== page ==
Three from Tempus Cellars

Hello friends. Joe Forest has raised his game.

The wines he produced during Tempus Cellars’ first three years were always solid, and we offered several of them. But a recent tasting through the new Tempus releases was simply stunning, displaying a confident winemaker who is sourcing the best possible fruit and making magic with it.

Will Tempus be this year’s rising star, this year’s Maison Bleue? I think once folks get a taste of these new wines (none have received professional reviews yet), the buzz that has been building for several years is going to turn into a roar.

Joe recently opened a tasting room in Walla Walla, out by the airport. They’re open Saturdays or by appointment if you’d like to taste through the entire lineup. For today, I have selected three favorites.

2011 Tempus Cellars Riesling Evergreen Vineyard

Joe consistently makes the driest Riesling I know of from Evergreen Vineyard. In this case, there’s just 1.3% residual sugar, and it is easily balanced by all that lovely 2011 acid. Hallmark Evergreen notes of chalk and minerals mix with citrus and alpine fruit. The palate is quite dry, with rippin’ acid and live-wire intensity. Always a thrilling Riesling, and 2011 is no exception. 250 cases produced.

2010 Tempus Cellars Grenache

My goodness is this impressive at a $25 tariff! It’s 100% Grenache and single-vineyard, from Art den Hoed’s site outside of Sunnyside, in the Yakima Valley.

Very reminiscent of some of the more modern wines coming out of Gigondas, Vacqueyras, and Chateauneuf-du-Pape, this presents a soaring, undeniably-Grenache nose of brambly red fruit, white pepper, and Herbes de Provence (thyme, lavender). The palate could easily be confused with a 2007 from the Southern Rhone. It carries its lovely flavors of red raspberry and thyme on a ripe, juicy frame, and it is an eminently drinkable wine. I’m delighted to see such high-quality single-vineyard Washington Grenache at this tariff, and I hope it’s a sign of things to come as more vineyards come online.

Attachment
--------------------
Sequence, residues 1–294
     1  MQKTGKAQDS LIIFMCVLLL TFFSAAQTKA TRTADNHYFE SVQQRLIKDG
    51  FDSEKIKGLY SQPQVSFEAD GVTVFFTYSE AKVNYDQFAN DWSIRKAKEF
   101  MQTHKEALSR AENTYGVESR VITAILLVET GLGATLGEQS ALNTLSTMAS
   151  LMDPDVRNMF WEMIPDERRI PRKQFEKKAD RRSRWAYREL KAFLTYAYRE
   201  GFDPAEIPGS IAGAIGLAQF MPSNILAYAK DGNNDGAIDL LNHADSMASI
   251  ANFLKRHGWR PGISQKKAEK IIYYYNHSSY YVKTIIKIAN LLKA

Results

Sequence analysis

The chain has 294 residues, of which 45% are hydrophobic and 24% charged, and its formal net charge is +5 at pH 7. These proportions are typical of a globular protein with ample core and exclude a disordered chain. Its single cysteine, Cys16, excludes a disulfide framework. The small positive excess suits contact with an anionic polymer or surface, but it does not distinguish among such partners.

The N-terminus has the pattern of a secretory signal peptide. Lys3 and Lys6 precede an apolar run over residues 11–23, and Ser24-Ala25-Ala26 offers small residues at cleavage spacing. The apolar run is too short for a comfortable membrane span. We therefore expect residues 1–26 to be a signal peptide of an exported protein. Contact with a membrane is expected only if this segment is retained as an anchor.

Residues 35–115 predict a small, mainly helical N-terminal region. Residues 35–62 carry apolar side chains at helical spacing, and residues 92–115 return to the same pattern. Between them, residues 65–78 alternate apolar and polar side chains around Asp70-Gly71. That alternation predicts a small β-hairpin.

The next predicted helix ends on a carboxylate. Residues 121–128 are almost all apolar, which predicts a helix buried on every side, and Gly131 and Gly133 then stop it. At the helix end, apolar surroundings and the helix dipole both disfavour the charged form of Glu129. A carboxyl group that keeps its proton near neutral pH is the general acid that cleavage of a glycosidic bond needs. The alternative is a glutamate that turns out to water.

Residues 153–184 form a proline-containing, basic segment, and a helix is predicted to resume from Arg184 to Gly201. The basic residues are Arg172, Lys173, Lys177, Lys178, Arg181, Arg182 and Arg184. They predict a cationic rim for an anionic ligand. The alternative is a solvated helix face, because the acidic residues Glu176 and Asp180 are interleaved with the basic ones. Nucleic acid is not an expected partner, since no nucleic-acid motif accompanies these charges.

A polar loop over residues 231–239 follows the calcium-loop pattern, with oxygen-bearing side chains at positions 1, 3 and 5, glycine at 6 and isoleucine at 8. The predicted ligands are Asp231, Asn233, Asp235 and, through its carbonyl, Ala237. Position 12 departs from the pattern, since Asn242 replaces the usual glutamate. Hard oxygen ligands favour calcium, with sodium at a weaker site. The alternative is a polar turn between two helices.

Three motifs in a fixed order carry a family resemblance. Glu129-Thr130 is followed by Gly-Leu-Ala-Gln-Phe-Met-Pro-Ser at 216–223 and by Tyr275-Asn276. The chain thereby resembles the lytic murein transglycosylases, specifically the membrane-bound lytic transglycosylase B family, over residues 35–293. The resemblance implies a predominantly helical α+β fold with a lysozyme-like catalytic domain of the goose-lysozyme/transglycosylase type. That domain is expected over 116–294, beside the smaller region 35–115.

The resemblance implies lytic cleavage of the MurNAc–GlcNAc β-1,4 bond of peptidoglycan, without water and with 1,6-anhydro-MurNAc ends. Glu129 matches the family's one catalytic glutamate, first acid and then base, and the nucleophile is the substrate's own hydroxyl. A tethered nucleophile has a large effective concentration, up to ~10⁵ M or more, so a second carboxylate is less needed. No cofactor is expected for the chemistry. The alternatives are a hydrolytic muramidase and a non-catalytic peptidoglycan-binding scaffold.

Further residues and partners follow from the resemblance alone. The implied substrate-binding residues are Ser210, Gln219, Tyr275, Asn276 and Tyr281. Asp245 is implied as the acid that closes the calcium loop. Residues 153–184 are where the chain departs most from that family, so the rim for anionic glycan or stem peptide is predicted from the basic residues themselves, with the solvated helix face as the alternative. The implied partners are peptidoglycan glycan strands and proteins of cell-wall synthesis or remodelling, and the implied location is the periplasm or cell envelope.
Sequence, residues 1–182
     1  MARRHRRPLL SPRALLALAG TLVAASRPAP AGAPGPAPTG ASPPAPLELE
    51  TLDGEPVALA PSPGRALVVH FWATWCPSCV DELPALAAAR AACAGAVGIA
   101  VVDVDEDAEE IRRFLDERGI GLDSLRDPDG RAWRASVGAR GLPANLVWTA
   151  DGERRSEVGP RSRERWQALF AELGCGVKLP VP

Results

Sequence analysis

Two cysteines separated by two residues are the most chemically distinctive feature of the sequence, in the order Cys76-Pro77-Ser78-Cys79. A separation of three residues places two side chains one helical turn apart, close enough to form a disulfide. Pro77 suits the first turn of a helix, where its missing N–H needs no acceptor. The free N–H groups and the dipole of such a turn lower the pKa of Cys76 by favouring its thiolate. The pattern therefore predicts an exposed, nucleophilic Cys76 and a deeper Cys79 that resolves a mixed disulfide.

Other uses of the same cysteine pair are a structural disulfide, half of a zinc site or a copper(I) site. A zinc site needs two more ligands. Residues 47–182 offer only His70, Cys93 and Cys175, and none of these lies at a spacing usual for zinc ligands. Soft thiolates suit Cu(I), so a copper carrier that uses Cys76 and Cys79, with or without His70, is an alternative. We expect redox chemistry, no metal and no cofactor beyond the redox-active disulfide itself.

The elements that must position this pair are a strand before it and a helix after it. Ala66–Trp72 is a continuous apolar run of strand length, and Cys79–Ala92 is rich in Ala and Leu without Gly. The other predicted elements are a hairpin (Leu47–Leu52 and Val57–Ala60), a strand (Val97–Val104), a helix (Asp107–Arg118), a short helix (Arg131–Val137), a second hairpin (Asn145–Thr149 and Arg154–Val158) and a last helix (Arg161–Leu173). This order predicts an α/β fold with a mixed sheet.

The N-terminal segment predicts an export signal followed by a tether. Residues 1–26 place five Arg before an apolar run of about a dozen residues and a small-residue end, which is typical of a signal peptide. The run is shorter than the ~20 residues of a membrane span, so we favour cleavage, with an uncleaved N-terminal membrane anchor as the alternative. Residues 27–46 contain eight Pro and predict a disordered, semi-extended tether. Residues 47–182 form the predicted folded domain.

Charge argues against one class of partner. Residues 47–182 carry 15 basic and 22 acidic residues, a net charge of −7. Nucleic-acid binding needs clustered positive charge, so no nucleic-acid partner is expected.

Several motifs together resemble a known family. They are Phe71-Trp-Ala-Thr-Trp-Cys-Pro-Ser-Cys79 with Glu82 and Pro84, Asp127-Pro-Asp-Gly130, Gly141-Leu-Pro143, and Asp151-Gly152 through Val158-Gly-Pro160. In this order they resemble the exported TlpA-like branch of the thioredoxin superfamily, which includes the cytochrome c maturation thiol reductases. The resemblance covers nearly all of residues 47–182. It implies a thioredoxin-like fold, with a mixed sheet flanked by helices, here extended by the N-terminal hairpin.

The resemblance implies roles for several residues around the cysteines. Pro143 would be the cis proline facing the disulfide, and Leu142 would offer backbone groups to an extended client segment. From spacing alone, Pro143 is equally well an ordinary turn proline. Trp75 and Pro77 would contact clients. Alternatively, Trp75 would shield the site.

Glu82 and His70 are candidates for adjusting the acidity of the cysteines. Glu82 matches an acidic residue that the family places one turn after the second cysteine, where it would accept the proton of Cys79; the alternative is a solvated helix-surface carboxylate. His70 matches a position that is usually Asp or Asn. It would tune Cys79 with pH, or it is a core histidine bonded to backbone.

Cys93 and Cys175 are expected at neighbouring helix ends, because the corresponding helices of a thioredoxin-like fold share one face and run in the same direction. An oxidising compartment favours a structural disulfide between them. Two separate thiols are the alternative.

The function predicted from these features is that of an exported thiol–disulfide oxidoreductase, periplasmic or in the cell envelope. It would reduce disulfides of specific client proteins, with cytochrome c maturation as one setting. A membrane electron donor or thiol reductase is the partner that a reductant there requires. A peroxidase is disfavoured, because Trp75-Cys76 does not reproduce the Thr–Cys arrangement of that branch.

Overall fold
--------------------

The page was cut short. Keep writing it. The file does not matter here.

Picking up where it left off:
Only 110 cases produced, so this is going to be gone in a blink.

2009 Tempus Cellars Cabernet Sauvignon

The core of this comes from the 1972-planted old block at Sagemoor, and it’s another feather in the cap of Kent Waliser and Derek Way, who have completed an incredible rehabilitation project on those old vines. Wise winemakers noticed the evolution taking place in those Sagemoor sites and establishing contracts for the fruit. Joe was one of them, and it has paid off handsomely.

While it’s rounded out with 20% Cabernet Sauvignon from Klipsun on Red Mountain and 10% Seven Hills Merlot, it’s the old-vine Cabernet that shines here. There is a core of redcurrant, red cherry, and plum fruit, and then gorgeous grace notes of tarragon and cherry blossom, and hints of spice from the 70% new French oak. Depth, intensity, elegance – all are here in spades, as is Cabernet’s wonderfully-chewy texture. 231 cases produced, and 14.4% finished alcohol.

Again, the QPR is jaw-dropping here. To see Cabernet, from some of Washington’s oldest vines, getting the luxury treatment, and then to see it priced like this? My mind is happily boggled.

First come first served up to 24 bottles total (mix and match as you like), and the wine should arrive in about 2 weeks, at which point it will be available for pickup or shipping during the autumn shipping window.

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